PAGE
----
April 24, 2024

Republican Competition Helpful

Ed Morrissey’s post "The Two Words That Strike Fear Into The GOP" has an interesting premise, that the RNC is afraid of the competition that’s going on now between the major Republican contenders:

Republican primary voters have sent a very clear message: they have not found their candidate. After a remarkable full-year, full-court press, the top five candidates remain bunched together closely enough to have a serious shot at winning at least one of the early states. No one has broken out of the pack on either a national or state-to-state basis, and all of them have serious obstacles to uniting the conservative coalition, fair or unfair.

What happens if Huckabee wins Iowa, McCain wins or comes close in New Hampshire, Romney wins South Carolina, and Rudy can’t close the deal in Florida? The other large states would normally take cues from early momentum, but instead, they will have no clear bandwagon on which to jump.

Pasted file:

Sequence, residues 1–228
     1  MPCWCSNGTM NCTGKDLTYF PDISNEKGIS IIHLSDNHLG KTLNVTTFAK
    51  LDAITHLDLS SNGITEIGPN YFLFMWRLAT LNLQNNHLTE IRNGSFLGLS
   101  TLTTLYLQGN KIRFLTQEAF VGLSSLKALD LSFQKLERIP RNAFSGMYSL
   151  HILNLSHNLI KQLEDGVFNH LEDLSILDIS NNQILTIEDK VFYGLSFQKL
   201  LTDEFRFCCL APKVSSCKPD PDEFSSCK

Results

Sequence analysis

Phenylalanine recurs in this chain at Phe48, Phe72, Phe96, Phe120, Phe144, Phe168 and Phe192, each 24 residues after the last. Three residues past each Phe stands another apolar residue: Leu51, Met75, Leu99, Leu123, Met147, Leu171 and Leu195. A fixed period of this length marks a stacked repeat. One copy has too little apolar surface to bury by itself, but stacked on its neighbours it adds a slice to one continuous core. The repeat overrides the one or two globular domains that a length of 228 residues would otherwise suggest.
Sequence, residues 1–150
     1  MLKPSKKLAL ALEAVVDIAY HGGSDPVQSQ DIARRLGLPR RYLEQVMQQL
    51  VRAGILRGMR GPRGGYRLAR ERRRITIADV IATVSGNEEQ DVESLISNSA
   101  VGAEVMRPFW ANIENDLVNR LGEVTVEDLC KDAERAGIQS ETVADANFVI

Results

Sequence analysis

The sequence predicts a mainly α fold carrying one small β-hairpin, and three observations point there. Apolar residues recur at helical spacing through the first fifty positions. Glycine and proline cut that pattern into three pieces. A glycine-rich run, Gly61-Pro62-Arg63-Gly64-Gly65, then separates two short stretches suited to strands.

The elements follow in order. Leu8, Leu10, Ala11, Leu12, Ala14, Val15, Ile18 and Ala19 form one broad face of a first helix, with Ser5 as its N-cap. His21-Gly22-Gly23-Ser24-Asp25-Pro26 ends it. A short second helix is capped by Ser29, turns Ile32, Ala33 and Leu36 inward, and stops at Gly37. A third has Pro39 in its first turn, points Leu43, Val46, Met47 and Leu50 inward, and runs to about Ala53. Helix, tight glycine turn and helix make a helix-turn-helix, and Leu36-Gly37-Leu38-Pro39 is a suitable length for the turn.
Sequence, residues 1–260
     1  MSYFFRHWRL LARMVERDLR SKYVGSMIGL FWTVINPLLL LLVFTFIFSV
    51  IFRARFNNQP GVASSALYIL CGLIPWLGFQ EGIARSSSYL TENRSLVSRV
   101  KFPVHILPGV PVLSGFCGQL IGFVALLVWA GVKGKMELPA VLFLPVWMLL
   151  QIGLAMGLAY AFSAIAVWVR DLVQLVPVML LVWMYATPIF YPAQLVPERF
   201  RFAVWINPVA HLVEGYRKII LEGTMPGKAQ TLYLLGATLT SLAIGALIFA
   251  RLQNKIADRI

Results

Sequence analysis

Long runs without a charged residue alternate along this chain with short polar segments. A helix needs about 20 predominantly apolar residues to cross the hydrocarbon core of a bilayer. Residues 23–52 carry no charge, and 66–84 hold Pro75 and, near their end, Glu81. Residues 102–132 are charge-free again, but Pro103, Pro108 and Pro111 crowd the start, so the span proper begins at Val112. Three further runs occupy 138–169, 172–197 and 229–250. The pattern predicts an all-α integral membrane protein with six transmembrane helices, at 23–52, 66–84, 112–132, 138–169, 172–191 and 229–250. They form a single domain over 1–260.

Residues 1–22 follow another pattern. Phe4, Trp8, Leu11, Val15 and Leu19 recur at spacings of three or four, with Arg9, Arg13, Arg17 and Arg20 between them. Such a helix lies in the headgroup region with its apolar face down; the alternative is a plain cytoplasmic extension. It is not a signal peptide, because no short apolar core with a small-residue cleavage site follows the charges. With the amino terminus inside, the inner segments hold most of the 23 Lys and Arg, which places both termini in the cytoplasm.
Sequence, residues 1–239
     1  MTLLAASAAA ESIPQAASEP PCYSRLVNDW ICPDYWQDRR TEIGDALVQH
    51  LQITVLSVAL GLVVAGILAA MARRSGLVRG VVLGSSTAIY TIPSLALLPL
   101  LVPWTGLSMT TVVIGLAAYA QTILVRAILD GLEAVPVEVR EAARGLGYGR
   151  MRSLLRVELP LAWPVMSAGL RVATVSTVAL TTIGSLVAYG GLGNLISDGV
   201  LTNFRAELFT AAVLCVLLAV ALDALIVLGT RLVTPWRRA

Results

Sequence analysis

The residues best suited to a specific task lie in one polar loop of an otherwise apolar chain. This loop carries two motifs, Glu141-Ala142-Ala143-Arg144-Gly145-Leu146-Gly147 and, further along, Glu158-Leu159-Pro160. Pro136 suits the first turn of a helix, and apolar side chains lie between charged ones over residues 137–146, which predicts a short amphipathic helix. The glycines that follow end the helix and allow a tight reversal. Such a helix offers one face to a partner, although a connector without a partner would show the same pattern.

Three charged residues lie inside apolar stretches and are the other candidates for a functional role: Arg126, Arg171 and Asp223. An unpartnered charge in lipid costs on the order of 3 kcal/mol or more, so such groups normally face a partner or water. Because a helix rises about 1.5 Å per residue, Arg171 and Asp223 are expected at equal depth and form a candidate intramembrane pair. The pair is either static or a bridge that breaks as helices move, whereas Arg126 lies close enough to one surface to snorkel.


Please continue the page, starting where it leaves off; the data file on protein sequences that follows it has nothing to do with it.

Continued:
The Republicans will have to continue the same campaign for another seven months, until the convention in Minneapolis in the first week of September. It makes for high drama, but almost certainly for disunity and wasted effort — and a huge head start for the Democrats.

Maybe.  But competition brings out the best in people and can potentially do so in political candidates as well.  Of course it can also bring out a candidate’s ugly side, as we’re seeing now as Hillary Clinton tries to reverse her downward momentum, but that too is informative in regard to which candidate deserves one’s vote, if any do.

For my part I welcome the fracas the Republicans are fighting through so long as the campaign focuses on issues and ideas rather than mud slinging and back stabbing.  Thus far it has not been too bad.

As Ed says, no candidate has put together an utterly winning set of campaign promises.  Well, what of it?  Do we expect presidential candidates to formulate a platform based on electability?  Or would we rather have men and women who state their beliefs outright, make their cases the best they can, and let the chips fall where they may?


Marc is a software developer, writer, and part-time political know-it-all who currently resides in Texas in the good ol' U.S.A.

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